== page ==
Garden Bridge Plans Face Fresh Attack After Initial Planning Permission

After gaining the first in a series of required planning approvals last week, Thomas Heatherwick's highly controversial Garden Bridge proposal has once again come under fire from a variety of opponents, with campaign group Thames Central Open Space (TCOS) dubbing it a "luvvies' folly," and the Guardian's architecture critic Oliver Wainwright saying that it is "not in fact a bridge – in the sense of being a public right of way across the river – but another privately managed tourist attraction, on which £60m of public money is to be lavished."

Much of this new assault is the result of the 46 conditions which came with Lambeth Council's recommendation to grant the bridge planning approval, which as BD Online uncovered, include closing the bridge between 12 and 6am, a ban on cycling, and a restriction of group sizes to 8 people or fewer, unless booked in advance.

Courtesy of Arup

Wainwright has been vocal on the issue of the Garden Bridge before, pointing out in June that if built, it will be the fifth bridge in just a one-mile stretch of the Thames, while East of Tower Bridge the river is bridge-free for over 16 miles. The new revelations brought by Lambeth's planning conditions simply add ammunition to his earlier accusation that the Garden Bridge will be "a spectacular solution to a problem that doesn't really exist," with Wainwright speculating that "a limit on group sizes suggests a ticketing system will have to be put in place," and now calling it a "grand mayoral project of most opaque origins, which appears to have been fast-tracked through the system" in reference to the fervent support that the bridge has received from London mayor Boris Johnson.

In addition to Wainwright's objections, TCOS has highlighted that the bridge could potentially block views of London landmarks, and the fact that the Treasury and Transport for London have each pledged £30 million of public funds to the bridge's construction. A spokesperson from TCOS stated that "the taxpayer should not be bearing a £60 million cost for a transport project that excludes bicycles. The opportunity to walk across London in a whimsical environment should not outweigh the significant harm the bridge would do to the Thames and its protected views."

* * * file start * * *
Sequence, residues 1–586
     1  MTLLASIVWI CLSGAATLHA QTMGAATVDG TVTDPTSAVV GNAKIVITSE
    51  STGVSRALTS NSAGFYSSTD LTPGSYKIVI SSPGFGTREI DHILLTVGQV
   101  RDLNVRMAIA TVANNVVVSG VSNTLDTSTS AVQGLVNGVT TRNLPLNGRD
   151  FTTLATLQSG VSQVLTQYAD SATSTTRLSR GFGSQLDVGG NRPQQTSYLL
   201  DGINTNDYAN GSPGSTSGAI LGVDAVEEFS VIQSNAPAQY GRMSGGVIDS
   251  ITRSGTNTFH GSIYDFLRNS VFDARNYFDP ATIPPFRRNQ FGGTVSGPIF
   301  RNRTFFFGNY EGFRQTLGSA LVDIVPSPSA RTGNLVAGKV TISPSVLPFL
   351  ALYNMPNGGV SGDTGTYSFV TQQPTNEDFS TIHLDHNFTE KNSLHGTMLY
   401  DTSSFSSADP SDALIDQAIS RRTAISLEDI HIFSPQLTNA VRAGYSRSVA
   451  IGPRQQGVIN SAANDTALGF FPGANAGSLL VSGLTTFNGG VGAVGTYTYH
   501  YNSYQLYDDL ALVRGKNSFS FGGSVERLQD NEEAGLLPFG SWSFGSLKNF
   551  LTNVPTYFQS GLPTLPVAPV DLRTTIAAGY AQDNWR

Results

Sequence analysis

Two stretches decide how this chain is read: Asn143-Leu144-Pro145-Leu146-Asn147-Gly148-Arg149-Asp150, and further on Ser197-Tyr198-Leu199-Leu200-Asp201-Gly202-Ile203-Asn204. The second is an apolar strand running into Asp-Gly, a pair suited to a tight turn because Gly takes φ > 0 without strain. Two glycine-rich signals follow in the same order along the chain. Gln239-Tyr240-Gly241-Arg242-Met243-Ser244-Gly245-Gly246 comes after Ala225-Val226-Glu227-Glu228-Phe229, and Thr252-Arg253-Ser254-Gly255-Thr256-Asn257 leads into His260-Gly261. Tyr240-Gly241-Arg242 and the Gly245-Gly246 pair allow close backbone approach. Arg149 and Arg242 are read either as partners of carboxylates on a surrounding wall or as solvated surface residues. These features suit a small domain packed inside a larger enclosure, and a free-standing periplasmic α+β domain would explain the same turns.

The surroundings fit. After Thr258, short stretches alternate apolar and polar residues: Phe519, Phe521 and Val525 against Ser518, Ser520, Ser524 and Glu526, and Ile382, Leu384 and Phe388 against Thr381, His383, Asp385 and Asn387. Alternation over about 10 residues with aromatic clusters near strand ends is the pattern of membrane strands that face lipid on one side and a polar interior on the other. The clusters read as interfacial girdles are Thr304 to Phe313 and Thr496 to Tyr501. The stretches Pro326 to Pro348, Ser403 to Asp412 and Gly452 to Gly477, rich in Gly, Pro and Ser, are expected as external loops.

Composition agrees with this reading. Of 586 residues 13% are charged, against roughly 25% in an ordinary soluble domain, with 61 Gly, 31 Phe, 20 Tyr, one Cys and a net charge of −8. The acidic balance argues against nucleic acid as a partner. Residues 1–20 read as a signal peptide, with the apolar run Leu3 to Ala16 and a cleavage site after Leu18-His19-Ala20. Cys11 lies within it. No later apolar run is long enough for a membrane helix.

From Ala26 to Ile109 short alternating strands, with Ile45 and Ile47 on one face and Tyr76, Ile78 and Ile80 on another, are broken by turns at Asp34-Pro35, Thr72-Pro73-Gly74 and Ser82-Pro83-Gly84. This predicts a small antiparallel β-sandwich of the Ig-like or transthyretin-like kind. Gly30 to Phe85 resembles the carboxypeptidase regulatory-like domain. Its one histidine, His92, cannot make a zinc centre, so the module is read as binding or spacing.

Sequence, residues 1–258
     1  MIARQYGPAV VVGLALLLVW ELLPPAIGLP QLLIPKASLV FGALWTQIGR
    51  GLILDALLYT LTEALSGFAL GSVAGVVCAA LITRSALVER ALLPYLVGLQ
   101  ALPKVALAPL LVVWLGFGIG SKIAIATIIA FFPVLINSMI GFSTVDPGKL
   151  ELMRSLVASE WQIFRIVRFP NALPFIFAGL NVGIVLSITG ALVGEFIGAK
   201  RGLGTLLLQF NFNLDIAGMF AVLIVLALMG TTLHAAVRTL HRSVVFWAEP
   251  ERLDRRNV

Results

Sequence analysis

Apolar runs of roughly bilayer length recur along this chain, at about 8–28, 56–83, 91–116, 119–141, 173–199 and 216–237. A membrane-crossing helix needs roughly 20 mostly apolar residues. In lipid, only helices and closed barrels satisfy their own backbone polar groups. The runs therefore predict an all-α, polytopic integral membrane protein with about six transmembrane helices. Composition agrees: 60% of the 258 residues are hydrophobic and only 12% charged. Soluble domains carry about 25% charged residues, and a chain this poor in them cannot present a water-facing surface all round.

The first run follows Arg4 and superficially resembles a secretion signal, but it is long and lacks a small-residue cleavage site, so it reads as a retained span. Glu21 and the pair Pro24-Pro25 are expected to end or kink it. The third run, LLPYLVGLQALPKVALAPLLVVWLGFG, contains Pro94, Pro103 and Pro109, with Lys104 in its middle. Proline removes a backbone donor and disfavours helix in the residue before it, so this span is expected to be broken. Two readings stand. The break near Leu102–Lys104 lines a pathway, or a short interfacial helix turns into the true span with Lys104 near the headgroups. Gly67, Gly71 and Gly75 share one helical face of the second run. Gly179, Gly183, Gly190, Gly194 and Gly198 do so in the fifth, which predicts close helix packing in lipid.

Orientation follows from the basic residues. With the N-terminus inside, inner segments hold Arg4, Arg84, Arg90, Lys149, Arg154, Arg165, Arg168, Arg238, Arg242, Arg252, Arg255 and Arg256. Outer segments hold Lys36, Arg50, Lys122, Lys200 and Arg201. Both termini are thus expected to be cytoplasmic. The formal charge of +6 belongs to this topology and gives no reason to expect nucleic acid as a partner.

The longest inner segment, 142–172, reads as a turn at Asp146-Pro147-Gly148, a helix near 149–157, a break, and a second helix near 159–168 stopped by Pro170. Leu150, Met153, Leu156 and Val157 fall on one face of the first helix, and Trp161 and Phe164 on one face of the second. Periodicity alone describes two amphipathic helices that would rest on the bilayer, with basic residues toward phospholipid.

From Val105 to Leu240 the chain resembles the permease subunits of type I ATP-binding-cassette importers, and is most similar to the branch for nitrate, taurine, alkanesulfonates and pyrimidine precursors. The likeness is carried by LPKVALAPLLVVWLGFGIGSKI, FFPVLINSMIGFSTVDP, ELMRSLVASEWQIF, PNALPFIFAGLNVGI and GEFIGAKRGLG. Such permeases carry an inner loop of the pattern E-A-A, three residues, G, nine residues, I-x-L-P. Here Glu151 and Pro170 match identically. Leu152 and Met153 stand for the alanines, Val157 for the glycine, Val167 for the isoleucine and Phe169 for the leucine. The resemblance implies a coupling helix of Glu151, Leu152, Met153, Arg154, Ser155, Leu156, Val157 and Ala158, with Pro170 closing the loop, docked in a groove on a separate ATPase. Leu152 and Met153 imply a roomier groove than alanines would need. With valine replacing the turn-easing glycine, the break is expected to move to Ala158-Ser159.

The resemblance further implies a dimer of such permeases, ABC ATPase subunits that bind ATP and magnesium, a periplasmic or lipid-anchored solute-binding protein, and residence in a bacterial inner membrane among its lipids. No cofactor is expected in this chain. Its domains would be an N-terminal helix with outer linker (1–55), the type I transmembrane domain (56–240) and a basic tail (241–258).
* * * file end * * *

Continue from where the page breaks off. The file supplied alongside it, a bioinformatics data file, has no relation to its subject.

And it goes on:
Courtesy of Arup

In support of Lambeth Council's long list of conditions for the bridge, a council spokesperson stated: "Our duty is to make sure we have a scheme that works in practice and our planning team have been working with the Garden Bridge Trust to make sure there are appropriate measures in place to accommodate the number of potential visitors, and there’s a suitable management plan in place for maintenance."

Safety has been used to support a number of the council's conditions, with the document stating that cyclists may push their bikes, but if they were allowed to ride, then the size of the pathways would have to be increased, and the amount of planting reduced. Furthermore, their stipulation that groups must be no more than 8 people "would not only assist visitor management but also would discourage protest groups from trying to access the bridge."

However, coming to the defense of the Garden Bridge, chairman of the Garden Bridge Trust Lord Mervyn Davies stated: "The support for the bridge has been overwhelming. The trust also acknowledges some concerns have been raised, but continues to work closely with local communities to address them."

Story via BD Online (1, 2) and the Guardian.

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Cite: Rory Stott. "Garden Bridge Plans Face Fresh Attack After Initial Planning Permission" 21 Nov 2014. ArchDaily. Accessed . <> ISSN 0719-8884

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